Reince Priebus, the White House chief of staff who failed to impose order on a chaos-racked West Wing, was pushed out on Friday after a stormy six-month tenure, and President Trump replaced him with John F. Kelly
.. The president became convinced that Mr. Priebus was not strong enough to run the White House operation and told him two weeks ago that he wanted to make a change
.. Intrigued at the idea of putting a general in charge, Mr. Trump offered the job to Mr. Kelly a few days ago.
.. Mr. Priebus said he had tendered his resignation to the president on Thursday, the same day the newly appointed White House communications director, Anthony Scaramucci, was quoted vowing to force the chief of staff out. Even so, as late as Friday morning, Mr. Priebus told colleagues that he thought he would have a week before the announcement to make a graceful exit, but he evidently learned otherwise later in the day. Mr. Kelly will take over the corner office in the West Wing on Monday.
.. Some advisers to Mr. Trump opposed the choice, arguing that Mr. Kelly did not have the political background for the job.
.. “The president needs someone who understands the Trump constituency as his chief of staff, someone who has both administrative skills and political savvy,” Roger Stone
.. In six months in office, he has fired
- a national security adviser (Michael Flynn),
- an F.B.I. director and (James Comey)
- a holdover acting attorney general, (Sally Yates)
- White House press secretary, (Sean Spicer)
- communications director, (Mike Dubke)
- deputy chief of staff, (Katie Walsh)
- deputy national security adviser and (K-T-McFarland)
- legal team spokesman (Mark Corall0)his resignation was due to growing frustration with operation and warring factions, as well as concerns over whether he was being told the truth. (The Hill)
- have all left.
.. Privately, even Mr. Priebus’s critics wondered how Mr. Kelly would surmount the same challenges — controlling a freewheeling president who often circumvents paid staff members by seeking counsel from a roster of outside advisers.
.. Several conservative supporters of Mr. Bannon — including Representative Mark Meadows, the House Freedom Caucus chairman — told Mr. Trump on Friday that the president would risk losing base supporters if he let the strategist go.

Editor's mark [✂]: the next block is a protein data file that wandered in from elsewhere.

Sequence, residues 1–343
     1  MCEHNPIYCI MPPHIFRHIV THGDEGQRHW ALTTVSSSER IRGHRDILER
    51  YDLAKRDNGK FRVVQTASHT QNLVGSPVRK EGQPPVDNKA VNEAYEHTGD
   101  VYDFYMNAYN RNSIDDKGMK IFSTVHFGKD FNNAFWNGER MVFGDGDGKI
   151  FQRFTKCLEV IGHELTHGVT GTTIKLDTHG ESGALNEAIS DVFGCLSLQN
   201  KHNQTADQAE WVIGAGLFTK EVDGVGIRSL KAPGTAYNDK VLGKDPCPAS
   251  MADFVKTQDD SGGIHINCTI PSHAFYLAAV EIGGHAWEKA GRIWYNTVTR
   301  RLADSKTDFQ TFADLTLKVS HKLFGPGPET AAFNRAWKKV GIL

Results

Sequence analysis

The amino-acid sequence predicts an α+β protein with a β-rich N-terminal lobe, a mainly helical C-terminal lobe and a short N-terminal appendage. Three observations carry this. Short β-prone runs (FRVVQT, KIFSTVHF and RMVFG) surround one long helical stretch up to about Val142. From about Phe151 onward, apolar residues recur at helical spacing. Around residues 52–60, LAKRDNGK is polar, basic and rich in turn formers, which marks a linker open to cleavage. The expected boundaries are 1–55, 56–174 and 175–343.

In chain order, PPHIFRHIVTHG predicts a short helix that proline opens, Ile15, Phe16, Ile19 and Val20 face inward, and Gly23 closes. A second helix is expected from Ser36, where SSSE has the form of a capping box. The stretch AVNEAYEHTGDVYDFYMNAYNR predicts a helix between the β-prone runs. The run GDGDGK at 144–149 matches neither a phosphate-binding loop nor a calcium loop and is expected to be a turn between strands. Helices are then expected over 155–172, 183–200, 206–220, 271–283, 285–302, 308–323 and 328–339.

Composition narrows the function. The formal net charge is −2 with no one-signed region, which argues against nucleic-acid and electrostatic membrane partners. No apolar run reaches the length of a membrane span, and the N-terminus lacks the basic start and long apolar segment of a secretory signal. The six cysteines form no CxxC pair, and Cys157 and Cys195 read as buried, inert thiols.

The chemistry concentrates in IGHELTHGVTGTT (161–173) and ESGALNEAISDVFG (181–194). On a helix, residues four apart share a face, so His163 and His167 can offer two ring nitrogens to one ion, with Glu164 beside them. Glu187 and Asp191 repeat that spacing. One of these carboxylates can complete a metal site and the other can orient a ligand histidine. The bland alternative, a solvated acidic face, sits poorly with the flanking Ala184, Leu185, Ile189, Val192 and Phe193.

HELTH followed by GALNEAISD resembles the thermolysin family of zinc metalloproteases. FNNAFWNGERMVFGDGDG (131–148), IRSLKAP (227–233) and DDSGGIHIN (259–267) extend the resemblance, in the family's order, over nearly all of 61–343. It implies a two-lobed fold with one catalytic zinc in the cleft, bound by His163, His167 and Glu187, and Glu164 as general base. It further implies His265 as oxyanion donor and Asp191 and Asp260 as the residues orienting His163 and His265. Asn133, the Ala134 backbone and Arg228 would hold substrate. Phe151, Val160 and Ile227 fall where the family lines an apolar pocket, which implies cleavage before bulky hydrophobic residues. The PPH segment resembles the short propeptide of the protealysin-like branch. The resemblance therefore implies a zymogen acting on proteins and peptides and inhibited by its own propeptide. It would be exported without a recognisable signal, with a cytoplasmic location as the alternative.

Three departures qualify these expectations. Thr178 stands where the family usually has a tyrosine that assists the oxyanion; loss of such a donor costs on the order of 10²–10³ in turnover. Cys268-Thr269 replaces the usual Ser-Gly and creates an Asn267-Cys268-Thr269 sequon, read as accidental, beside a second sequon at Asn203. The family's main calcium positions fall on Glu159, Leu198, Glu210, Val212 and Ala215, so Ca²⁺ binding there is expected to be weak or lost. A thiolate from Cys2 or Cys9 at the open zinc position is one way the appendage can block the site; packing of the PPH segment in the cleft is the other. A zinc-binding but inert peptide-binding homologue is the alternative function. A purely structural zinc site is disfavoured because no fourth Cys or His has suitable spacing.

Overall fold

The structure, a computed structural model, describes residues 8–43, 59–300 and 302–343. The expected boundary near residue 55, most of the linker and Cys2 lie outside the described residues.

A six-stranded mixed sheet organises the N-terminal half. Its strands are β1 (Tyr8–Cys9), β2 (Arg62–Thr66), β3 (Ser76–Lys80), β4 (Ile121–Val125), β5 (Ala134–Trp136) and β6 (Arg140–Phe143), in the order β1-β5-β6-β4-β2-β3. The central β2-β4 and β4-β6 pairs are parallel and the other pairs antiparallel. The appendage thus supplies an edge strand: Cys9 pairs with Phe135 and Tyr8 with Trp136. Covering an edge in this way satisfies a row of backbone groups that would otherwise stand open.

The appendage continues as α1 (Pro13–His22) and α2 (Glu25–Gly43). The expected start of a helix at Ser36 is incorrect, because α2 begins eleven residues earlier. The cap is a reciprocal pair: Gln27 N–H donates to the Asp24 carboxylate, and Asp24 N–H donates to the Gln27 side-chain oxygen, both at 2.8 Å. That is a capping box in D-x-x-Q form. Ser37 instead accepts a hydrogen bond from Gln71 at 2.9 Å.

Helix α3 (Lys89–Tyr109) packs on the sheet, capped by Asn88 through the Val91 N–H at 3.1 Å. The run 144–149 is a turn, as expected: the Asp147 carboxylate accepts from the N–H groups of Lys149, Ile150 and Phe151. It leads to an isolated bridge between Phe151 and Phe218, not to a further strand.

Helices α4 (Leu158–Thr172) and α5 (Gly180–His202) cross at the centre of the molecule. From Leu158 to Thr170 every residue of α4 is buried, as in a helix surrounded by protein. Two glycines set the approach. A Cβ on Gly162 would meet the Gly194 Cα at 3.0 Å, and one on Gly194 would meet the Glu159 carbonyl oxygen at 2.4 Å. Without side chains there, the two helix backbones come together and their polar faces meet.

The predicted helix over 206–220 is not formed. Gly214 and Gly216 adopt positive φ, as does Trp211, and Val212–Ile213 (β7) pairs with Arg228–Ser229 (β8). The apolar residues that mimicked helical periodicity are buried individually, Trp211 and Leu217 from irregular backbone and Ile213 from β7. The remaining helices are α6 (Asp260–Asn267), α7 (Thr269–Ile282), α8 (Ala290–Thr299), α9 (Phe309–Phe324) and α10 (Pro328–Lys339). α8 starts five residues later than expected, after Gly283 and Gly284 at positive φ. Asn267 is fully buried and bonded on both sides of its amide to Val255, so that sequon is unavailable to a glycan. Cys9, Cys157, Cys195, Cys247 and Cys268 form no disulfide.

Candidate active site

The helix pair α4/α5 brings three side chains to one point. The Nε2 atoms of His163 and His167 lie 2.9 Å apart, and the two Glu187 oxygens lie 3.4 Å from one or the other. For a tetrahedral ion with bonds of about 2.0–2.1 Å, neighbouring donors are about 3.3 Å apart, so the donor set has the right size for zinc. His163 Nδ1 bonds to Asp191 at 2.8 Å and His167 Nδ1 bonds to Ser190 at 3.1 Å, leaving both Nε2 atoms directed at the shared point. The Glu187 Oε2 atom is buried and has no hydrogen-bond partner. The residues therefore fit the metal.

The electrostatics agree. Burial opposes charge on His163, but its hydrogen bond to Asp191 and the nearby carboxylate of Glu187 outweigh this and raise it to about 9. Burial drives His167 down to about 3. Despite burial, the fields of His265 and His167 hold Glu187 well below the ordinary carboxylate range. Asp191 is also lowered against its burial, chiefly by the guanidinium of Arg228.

.. Mr. Priebus had hoped to last a full year, but in the end no other White House chief of staff has been forced out after such a short tenure.
.. Jared Kushner, the president’s son-in-law and senior adviser, soured on Mr. Priebus, partly because of what he viewed as the shortcomings of Sean Spicer, an ally of Mr. Priebus’s
.. Mr. Priebus and Mr. Spicer had told the president that they believed Mr. Scaramucci, a gregarious but edgy hedge fund manager and fund-raiser, lacked the required political experience and organizational skills.
.. Mr. Scaramucci quickly engaged in open war against Mr. Priebus — with the president’s encouragement. By Wednesday, the new communications chief publicly suggested that the chief of staff was a leaker and threatened to seek an F.B.I. inquiry.
.. help guide him through a capital that had never seen a president who had not served in politics or the military.
.. “I’ll tell you, Reince is really a star,” Mr. Trump said, using language that he would repeat less than a year later about the man he picked to replace Mr. Priebus.
The president is attempting to dismantle the rule of law, destroy the time-honored independence of the Justice Department, and undermine the career men and women who are devoted to seeking justice day in and day out, regardless of which political party is in power.
.. President Trump claims that it is very “unfair” that Mr. Sessions recused himself from the Russia investigation, a recusal indisputably necessary given Mr. Sessions’ role in the campaign that is now under investigation. At its core, the president’s complaint is that he doesn’t have a political ally at the Justice Department to protect him from the Russia investigation. And he is apparently trying to bully Mr. Sessions into resigning so that he can put someone in place who will.
The president hasn’t stopped there. He has also tried to goad Mr. Sessions into re-initiating a closed investigation of the president’s former political rival. And all of this takes place in the wake of the president’s attempts to persuade the former F.B.I. director James Comey to back off the Michael Flynn investigation, and then firing Mr. Comey when he didn’t.